The domain for xDedic has been seized as well.
In a joint operation, the Federal Bureau of Investigation (FBI) and authorities from several European countries have successfully taken down xDedic, a notorious dark web marketplace known for selling stolen digital goods such as login credentials, identity cards, and hacked servers.
The operation was carried out on January 24th after several houses in nine locations in Ukraine were searched by law enforcement authorities as part of two criminal investigations into the xDedic Marketplace. As a result, three suspects were questioned while in Germany authorities confiscated IT infrastructure related to the marketplace.
xDedic was home to tens of thousands of hacked servers belonging to businesses and private users. The marketplace worked in such a way that hackers would compromise servers through RDP (Remote Desktop Protocol) without owner’s knowledge and then sold it on xDedic in as little as $6 to $10,000 each.
The investigators believe that xDedic “facilitated more than $68 million in fraud” while its administrators used Bitcoin as a mode of payment to hide their tracks. Although the site offered compromised servers from around the world the list of victims in the United States includes government institutions, hospitals call centers, accounting and law firms, metropolitan transit authorities, pension funds, universities, and even the emergency service 911.
Currently, those visiting xDedic’s website can see a deface page left by the FBI explaining that the domain has been seized.
This domain has been seized. This domain for xDedic has been seized by the Federal Bureau of Investigation pursuant to a seizure warrant issued by the United States District Court for the Middle District of Florida under the authority of 18 U.S.C. § 981 (b) as part of coordinated law enforcement action.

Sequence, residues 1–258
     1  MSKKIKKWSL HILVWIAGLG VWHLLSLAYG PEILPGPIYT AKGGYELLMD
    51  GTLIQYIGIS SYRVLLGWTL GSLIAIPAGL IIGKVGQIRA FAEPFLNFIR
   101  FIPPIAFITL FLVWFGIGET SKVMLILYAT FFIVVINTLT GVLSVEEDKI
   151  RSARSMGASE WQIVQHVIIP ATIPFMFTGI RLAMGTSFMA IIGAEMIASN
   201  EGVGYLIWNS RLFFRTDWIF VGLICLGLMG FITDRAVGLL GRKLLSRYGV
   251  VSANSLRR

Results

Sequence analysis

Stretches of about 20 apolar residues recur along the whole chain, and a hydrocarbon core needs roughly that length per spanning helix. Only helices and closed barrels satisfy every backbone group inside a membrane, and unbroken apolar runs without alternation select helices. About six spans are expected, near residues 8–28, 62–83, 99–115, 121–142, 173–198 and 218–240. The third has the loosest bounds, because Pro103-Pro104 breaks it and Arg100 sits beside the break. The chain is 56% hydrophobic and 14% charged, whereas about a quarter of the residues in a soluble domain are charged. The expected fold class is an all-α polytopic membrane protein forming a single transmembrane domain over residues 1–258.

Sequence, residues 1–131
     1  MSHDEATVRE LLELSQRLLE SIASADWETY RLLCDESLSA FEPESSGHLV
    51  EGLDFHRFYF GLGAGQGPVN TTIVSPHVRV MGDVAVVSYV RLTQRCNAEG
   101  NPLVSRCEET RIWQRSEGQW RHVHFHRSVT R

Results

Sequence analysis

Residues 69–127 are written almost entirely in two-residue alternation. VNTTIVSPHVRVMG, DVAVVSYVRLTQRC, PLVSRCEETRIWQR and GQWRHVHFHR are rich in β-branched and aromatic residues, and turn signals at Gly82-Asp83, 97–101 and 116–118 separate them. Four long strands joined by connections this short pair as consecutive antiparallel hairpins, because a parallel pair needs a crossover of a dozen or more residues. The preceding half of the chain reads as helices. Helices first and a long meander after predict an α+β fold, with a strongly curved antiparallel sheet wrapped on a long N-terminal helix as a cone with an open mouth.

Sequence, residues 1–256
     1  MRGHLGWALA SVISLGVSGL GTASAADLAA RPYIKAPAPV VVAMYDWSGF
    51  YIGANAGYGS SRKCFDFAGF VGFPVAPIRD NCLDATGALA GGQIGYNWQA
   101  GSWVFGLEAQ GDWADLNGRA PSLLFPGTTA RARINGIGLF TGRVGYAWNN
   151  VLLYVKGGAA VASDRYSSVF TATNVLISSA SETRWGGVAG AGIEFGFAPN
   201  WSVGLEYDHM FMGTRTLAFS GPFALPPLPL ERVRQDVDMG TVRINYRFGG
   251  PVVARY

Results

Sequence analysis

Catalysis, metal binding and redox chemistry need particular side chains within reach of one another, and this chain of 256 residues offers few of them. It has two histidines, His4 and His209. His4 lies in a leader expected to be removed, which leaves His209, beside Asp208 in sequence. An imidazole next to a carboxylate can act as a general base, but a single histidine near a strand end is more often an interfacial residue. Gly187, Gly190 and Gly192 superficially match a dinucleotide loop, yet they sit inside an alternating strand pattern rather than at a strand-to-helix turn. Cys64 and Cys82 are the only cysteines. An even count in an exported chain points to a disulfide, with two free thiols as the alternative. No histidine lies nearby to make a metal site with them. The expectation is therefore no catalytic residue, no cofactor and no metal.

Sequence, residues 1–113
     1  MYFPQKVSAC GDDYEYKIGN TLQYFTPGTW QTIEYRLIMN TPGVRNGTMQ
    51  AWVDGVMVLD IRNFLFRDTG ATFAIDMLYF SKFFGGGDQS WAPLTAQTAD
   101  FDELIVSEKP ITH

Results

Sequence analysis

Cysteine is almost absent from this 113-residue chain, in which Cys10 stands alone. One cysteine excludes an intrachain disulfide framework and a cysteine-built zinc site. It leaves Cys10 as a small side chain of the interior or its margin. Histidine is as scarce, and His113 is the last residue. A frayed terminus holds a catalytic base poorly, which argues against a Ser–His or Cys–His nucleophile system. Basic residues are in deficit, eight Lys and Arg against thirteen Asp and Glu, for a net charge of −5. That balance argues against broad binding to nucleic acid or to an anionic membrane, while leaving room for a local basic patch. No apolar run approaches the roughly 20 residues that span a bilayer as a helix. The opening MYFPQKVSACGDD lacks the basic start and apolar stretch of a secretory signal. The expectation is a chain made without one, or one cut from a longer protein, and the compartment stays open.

Here is a full preview of the page:
In 2016, Kaspersky Lab published a report on xDedic revealing that the site was being operated by Russian speaking individuals. “The one-time cost gives the malicious buyer access to all the data on the server and the possibility to use this access to launch further attacks. It is a hacker’s dream, simplifying access to victims, making it cheaper and faster, and opening up new possibilities for both cybercriminals and advanced threat actors,” the report said.
“As soon as the Belgian and American criminal investigators discovered that they had shared common targets and goals, they worked together closely. In the course of 2018, Eurojust held two two-day coordination meetings, with Belgium, the USA, Ukraine, and Europol, to plan the actions, provide support for the issuing and execution of the European Investigation Orders, and deal with any judicial obstacles,” Eurojust said in a press release.
It is noteworthy that at the time of publishing this article, another marketplace called Blackpass was also selling compromised servers. According to McAfee’s Advanced Threat Research Team who initially reported on Blackpass’s activity selling RDP (including one belonging to a high-profile airport) access has become a “huge business” opportunity for cybercriminals.